Columbia Library columns (v.38(1988Nov-1989May))

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  v.38,no.1(1988:Nov): Page 23  


Painting Finnegans Wake


■ y husband, the late Nathan Halper, used to joke that the
reason we got married was entirely because of James
L.Joyce's Finnegans Wake. When we met I was an artist who
was not very literarily inclined, and I had no idea that he was a pas¬
sionate Joycean. Now, most Joyceans are academics, but Nathan
never wanted to teach; he was primarily a scholar and writer. I guess
we each were very lopsided people, but we complemented one
another in our interests.

My father was an English violinist manque, and my mother was an
American singing teacher. We three children, two boys and myself, a
girl in the middle, were all born in Paris, France. My parents sepa¬
rated when I was six years old, and my mother had custody of us. She
cared nothing for the education of a girl and lavished much of her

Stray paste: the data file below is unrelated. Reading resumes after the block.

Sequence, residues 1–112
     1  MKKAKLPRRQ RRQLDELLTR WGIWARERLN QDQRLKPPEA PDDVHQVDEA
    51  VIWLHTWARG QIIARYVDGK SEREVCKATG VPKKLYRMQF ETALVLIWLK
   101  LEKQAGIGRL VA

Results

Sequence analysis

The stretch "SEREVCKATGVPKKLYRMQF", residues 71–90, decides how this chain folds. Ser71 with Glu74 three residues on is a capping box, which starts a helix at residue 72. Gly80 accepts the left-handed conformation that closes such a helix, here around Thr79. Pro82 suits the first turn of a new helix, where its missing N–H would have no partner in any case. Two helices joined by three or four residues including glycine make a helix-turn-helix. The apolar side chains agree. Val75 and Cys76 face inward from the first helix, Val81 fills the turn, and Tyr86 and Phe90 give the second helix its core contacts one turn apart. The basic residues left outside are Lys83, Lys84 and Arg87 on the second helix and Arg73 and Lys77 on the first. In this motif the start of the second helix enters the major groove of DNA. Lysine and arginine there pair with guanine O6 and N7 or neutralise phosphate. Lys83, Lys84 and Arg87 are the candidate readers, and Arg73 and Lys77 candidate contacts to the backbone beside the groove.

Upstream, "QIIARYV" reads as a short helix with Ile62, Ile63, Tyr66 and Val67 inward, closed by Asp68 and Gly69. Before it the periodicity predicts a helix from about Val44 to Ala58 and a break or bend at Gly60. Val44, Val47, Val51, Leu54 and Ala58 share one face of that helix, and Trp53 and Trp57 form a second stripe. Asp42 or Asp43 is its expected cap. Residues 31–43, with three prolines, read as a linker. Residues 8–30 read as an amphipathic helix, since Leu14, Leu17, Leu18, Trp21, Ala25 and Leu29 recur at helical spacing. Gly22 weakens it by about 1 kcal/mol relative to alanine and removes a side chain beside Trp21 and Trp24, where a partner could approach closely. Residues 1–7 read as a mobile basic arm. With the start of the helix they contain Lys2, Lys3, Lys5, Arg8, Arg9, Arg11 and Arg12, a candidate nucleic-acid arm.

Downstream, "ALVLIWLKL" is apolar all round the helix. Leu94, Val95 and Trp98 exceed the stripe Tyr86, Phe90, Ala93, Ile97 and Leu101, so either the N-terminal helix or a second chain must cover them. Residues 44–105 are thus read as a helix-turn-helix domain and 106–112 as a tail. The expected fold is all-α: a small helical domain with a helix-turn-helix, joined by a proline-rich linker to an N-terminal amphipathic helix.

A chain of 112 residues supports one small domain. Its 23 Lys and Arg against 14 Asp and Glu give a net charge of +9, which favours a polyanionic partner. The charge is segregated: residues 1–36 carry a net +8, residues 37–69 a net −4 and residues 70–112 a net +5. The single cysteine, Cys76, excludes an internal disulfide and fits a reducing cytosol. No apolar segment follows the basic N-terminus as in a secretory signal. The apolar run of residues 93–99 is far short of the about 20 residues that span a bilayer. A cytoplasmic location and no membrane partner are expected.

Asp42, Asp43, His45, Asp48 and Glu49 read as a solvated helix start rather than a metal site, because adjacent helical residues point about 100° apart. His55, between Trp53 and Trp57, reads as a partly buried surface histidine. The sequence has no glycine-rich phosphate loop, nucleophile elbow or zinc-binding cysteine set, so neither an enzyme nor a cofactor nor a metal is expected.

energies on educating my two brothers. My education was very bad,
nothing at all until I was nine years old, then any old school of no
consequence in France, England, and America was good enough for
me. Mother brought us to Manhattan, her native city, when I was
twelve years old.

When I was seventeen, we discovered the art colony at Province-
town, Massachusetts, and from then on spent summers there. I stud¬
ied art as compensatory activity for which I showed talent. In 1930
my mother bought a house on the bay in Provincetown with the
most beautiful view imaginable. None of us had any knowledge of
winter storms and the damage they inflicted on the waterfront, but
we soon learned it would keep us poor. Nevertheless, we were
addicted to that beautiful view.

I inherited the house during the war and found myself renting parts
of it to a good number of psychoanalysts who summered in Provin¬
cetown. Then after my mother's death, the director of the William

  v.38,no.1(1988:Nov): Page 23